RPG #1 - Introduction

Old-school first-person computer role-playing games are awesome. Alright, gameplay-wise most of them didn’t really age well. But they looked awesome, didn’t they? Not really.

But I’m still going to try and build a new one, just as clunky, just as ugly as the real deal! But probably not as complex.

Screenshot of Might and Magic VI

My goal is to build a classic 3D role-playing game to the likes of Might and Magic VI: The Mandate of Heaven (pictured in the screenshot above), The Elder Scrolls II: Daggerfall, Realms of Arkania: Shadows over Riva, Wizardry 8 using the Godot game engine.

Is building an RPG a good way to learn Godot? Probably not. But bad ideas never stopped me!


In essence RPGs do not necessarily have to be complex, especially if we take old-school RPGs as our reference. Most of these old-school RPG are based on tabletop role-playing games, and in essence these games can be boiled down to just a bunch of numbers, a random number generator (RNG) and a narrative. From then on it’s just more RNG, stat checks and ways that manipulate those numbers like equipment, combat, crafting, etc.

what I suspect makes RPGs complex to implement is getting all these systems to integrate and work together. And of course building a good narrative to hide the fact it’s all just numbers.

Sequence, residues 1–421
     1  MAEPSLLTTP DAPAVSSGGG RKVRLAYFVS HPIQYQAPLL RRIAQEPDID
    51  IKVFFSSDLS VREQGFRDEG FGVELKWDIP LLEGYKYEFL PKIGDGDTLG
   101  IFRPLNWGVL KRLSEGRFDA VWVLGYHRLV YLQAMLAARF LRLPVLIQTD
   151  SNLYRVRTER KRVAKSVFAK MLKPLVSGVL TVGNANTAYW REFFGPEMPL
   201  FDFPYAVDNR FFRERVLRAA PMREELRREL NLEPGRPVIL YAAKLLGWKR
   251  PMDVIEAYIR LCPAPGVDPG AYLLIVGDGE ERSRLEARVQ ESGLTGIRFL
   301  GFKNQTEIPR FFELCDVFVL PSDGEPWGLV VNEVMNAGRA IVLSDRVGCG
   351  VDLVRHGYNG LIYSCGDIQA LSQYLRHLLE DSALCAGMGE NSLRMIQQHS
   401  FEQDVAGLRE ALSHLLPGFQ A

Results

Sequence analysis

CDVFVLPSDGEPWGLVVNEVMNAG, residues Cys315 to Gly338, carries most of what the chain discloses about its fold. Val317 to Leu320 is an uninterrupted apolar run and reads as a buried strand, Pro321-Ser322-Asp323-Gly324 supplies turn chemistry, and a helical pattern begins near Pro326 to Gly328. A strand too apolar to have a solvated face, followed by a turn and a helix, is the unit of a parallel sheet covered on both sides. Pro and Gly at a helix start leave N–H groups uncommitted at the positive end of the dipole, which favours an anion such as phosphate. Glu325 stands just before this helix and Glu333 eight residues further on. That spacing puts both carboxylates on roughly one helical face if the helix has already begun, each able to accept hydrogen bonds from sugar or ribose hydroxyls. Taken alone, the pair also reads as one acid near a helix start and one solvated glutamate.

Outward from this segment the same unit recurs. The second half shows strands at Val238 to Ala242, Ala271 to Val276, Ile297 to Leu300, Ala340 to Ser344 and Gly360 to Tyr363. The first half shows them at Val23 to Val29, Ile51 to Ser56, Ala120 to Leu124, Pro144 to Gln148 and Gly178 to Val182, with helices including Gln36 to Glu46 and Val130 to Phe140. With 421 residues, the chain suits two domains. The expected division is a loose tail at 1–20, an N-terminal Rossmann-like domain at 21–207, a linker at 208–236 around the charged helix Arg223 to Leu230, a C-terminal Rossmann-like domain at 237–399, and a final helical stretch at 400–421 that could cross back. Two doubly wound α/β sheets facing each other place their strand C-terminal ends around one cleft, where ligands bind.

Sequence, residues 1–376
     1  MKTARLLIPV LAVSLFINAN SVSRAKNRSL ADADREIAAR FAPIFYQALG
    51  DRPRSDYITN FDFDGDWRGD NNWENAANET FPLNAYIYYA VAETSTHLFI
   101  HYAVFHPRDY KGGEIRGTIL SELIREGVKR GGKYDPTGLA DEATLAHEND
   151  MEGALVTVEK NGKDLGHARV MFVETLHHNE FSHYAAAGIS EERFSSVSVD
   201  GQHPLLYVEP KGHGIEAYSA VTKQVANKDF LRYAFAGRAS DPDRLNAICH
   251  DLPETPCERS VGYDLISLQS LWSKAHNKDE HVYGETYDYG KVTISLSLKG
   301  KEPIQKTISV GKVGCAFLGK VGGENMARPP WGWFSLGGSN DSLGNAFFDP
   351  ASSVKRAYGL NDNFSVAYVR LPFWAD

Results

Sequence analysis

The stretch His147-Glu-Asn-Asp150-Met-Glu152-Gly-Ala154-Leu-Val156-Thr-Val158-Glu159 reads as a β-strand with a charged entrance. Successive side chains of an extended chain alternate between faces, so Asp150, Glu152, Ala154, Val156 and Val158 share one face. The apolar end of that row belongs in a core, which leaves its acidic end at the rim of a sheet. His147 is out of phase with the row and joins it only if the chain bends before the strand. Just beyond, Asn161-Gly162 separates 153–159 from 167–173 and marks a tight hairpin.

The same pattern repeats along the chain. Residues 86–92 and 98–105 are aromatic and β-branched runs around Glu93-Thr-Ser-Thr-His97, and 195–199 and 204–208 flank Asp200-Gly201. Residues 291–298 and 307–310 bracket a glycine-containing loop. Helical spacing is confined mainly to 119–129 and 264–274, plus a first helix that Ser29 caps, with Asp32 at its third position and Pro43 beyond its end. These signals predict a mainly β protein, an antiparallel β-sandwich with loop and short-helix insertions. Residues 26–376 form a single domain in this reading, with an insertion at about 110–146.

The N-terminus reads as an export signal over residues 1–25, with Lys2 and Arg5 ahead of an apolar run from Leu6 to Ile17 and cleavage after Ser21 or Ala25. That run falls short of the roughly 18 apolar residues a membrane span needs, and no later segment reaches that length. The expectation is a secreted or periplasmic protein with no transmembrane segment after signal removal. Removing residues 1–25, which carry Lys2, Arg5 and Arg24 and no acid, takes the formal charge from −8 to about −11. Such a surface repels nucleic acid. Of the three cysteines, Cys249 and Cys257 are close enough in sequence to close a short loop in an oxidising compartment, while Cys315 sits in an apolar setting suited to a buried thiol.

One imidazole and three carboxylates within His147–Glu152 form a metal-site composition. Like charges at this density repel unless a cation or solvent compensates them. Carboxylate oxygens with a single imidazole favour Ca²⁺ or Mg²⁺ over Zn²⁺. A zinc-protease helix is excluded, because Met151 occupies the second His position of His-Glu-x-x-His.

Screenshot of Realms of Arkania: Shadows over Riva


In order to prepare I’ve already taken a look at RPG Maker MV which pretty much confirms my assumptions.

RPG Maker MV provides all the systems ready to go. The user then only needs to change the data in the Database to change the characters, monsters, their stats, etc. And finally the biggest task is to they create content like maps and events to build the narrative.

What amazes me of this system though is that essentially it works with a limited scripting system through events, a shared list of global variables that can only hold primitives. Yet people create the most amazing games with it. Sure, there is the possibility to program in JavaScript as well, but not everyone uses it.

Another example is The Elder Scrolls: Skyrim, which through it’s modding system allows quite a peek into how the game actually works. It has a scripting system and the majority of the game is handled through Quests and Dialogues running tiny bits of script.

I am of course ignoring things like collision detection, pathfinding, animations, asset pipelines, et cetera because these are not specific to RPGs.


I’ve chosen to use Godot since it seems most equivalent to UE4 and Unity in the sense that it provides a full editor but makes no compromises in terms of capability. But unlike those engines, Godot is open-source and comes in a single ~60MB executable!

Over the coming weeks I will try and tackle each part of the game. It’s going to be written almost like a journal, but might include some interesting bits if you run into the same problems as I did.